Edinburgh 2018

Comedians, Comedy research, diversity, Uncategorized



Edinburgh’s Royal Mile

I have just returned from the Edinburgh Fringe Festival where I spent a few days seeing as much comedy as possible (as well as writing a response to a CFP and proofing a chapter of my thesis – its a 6hr round train trip from MCR, reclaim that time!)

Here’s a list of what I managed to catch:

Sindhu Vee – Sandhog

Lauren Pattison – Peachy

Luisa Omielan – Politics for Bitches

Eleanor Teirnan – Success Without a Sex Tape

Sofie Hagen and Jodie Mitchell – Sofie Hagen Tries Something (podcast recording)

Athena Kugblenu – Follow the Leader

Jen Brister – Meaningless

Lou Conran – At Least I’m Not Dog Poo Darren

Evelyn Mok – Bubble Butt

Andrew Lawrence – Clean (Lawrence gets a shout out in the ‘backlash’ part of my thesis)

Eleanor Morton – Great title, Glamorous Photo

Tamar Broadbent – Best Life

4 shows a day is my absolute limit. I can’t concentrate for any longer than that. The shows I saw were pretty varied, musical comedy, confessional calls to political action, traditional club-style stand-up and character comedy. For me it was a really good way to see a lot of comedy in a short space of time but there were many subtle reminders of just how middle class the festival continues to be. The trip was a living breathing reminder of  the importance of the Panic! report by Brook, O’Brien and Taylor (2018).

I stayed in the Edinburgh University halls of residence (which were fine, but a bit further out than where I’d stayed previously – in total I walked 25miles in 3 days and Edinburgh is a good 80% hill). How anyone manages to afford to stay up for the whole month when the cost of accommodation is so high is totally beyond me.



Blue Blue Electric Blue

Heroes, Uncategorized



I’m not a crier as general rule. I’m pretty stoic and (I’d like to think) good in a crisis. So no one was more shocked than I to find myself crying hysterically at a bus stop the day Bowie died.

Post bus-meltdown I arrived at work and had to immediately go to the bathroom to pull myself together. Red eyed and emotionally exhausted before 9am. Happy Monday everyone. I spent the day avoiding eye contact, the topic, Facebook, Twitter and my phone as messages from my friends and family arrived… after work the mothership went straight in for the kill texting ‘the starman has become a star for real’ – Jesus!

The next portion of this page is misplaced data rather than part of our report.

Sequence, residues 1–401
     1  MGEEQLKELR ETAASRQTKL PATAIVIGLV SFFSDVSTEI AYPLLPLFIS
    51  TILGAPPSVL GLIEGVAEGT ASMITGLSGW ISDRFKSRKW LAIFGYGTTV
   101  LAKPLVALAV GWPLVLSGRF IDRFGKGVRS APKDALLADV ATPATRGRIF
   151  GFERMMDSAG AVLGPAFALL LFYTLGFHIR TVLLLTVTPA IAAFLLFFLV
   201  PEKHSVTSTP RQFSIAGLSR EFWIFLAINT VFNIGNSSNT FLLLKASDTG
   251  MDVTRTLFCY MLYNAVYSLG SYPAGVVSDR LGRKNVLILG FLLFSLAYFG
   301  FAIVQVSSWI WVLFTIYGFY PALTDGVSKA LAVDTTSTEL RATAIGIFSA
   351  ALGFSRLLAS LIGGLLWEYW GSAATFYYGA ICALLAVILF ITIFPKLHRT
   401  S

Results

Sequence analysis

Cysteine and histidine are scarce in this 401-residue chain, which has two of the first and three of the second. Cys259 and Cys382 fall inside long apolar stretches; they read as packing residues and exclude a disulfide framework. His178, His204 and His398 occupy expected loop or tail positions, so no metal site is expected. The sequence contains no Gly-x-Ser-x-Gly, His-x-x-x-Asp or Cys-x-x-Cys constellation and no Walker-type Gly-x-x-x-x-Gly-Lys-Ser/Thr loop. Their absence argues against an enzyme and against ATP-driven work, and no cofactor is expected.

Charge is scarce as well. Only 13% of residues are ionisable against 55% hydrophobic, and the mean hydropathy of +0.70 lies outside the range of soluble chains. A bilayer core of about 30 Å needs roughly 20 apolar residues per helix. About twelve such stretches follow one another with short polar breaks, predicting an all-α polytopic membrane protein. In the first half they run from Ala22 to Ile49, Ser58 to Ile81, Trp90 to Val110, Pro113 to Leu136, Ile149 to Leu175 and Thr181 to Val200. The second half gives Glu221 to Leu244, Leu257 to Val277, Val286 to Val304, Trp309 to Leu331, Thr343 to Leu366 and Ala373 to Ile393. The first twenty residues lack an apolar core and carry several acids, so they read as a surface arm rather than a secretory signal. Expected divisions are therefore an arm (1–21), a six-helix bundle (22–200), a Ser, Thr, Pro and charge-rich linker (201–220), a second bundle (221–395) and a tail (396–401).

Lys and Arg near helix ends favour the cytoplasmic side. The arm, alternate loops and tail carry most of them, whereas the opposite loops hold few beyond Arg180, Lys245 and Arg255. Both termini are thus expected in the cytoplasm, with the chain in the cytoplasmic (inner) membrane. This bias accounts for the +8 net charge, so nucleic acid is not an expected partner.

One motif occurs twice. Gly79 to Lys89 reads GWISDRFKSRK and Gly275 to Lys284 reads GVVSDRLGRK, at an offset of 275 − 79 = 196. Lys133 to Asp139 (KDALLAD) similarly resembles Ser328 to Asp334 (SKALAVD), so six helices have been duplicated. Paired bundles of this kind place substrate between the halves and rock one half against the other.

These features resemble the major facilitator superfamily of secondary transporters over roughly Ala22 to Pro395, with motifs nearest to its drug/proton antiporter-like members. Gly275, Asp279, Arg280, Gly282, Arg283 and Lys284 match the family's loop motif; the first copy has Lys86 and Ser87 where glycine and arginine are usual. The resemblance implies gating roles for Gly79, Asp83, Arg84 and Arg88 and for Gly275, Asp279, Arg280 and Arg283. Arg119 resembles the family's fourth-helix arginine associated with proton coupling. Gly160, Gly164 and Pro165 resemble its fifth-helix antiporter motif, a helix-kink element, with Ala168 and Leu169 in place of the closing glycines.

I can’t really remember a time before liking Bowie. I can only imagine my route in was through the Labyrinth. My dad is a big music fan and I suspect he saw this as an opportunity to explain who Bowie was. Not just Jareth, the Goblin King, but a musical genius too. I distinctly remember at the age of about 13 or 14 Dad returning from Russia with a Bowie best of CD for me (with all the text in cyrillic) as a present…along with a book on Brecht (I was an odd child) and that was pretty much that. I was hooked.

Every important event of my teenaged and adult life has been set to the sound of his body of work. Every argument, every low moment, every setback made bearable by Bowie’s words, Bowie’s voice.


Memories flutter about in my head when I think of certain songs…

*Freezing to death and avoiding the rain at a bus stop on the Wandsworth Road to the sound of Modern Love awaiting the interview for what would turn out to be my first graduate job. (I am always ridiculously early for things)

*Making a badly timed Bowie joke in a GCSE drama lesson (our teacher had a stutter and was showing us a film called Changes, thus without thinking I, in my best Bowie voice, belted out ‘CH CH CH CHANGES’ to the horror of my classmates who were confused by my uncharacteristic scathing and brazen piss take of our kindly tutor.)

*Listening to my Bowie ‘Pep talk’ playlist on repeat before being interviewed to get accepted as a PhD student. Nothing makes me ready for action like Sound and Vision.

*Crying with laughter when watching the Flight of the Conchords sing ‘Bowie’s in Space’.


I think his death effected me so much as his music was such a formative thing for me. It was ok to be different, he was different, and this gave me confidence to be myself when that wasn’t always the path of least resistance. I’m sure this is a factor in why so many people feel this loss so keenly.

Bowie’s in space – but his work is still here and that is going to live forever.